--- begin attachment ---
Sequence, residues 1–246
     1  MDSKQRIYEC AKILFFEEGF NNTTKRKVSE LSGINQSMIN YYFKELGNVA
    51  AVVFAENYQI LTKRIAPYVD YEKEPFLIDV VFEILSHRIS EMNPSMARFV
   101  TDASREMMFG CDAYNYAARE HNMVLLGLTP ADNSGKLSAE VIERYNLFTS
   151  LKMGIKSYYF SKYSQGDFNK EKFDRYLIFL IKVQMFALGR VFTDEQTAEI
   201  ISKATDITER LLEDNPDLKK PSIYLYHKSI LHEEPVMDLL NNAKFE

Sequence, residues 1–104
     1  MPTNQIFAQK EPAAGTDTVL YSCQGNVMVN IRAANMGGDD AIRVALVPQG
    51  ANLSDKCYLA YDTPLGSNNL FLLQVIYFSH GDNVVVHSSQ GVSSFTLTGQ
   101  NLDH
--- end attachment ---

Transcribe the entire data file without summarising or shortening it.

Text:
Sequence, residues 1–246
     1  MDSKQRIYEC AKILFFEEGF NNTTKRKVSE LSGINQSMIN YYFKELGNVA
    51  AVVFAENYQI LTKRIAPYVD YEKEPFLIDV VFEILSHRIS EMNPSMARFV
   101  TDASREMMFG CDAYNYAARE HNMVLLGLTP ADNSGKLSAE VIERYNLFTS
   151  LKMGIKSYYF SKYSQGDFNK EKFDRYLIFL IKVQMFALGR VFTDEQTAEI
   201  ISKATDITER LLEDNPDLKK PSIYLYHKSI LHEEPVMDLL NNAKFE

Sequence, residues 1–104
     1  MPTNQIFAQK EPAAGTDTVL YSCQGNVMVN IRAANMGGDD AIRVALVPQG
    51  ANLSDKCYLA YDTPLGSNNL FLLQVIYFSH GDNVVVHSSQ GVSSFTLTGQ
   101  NLDH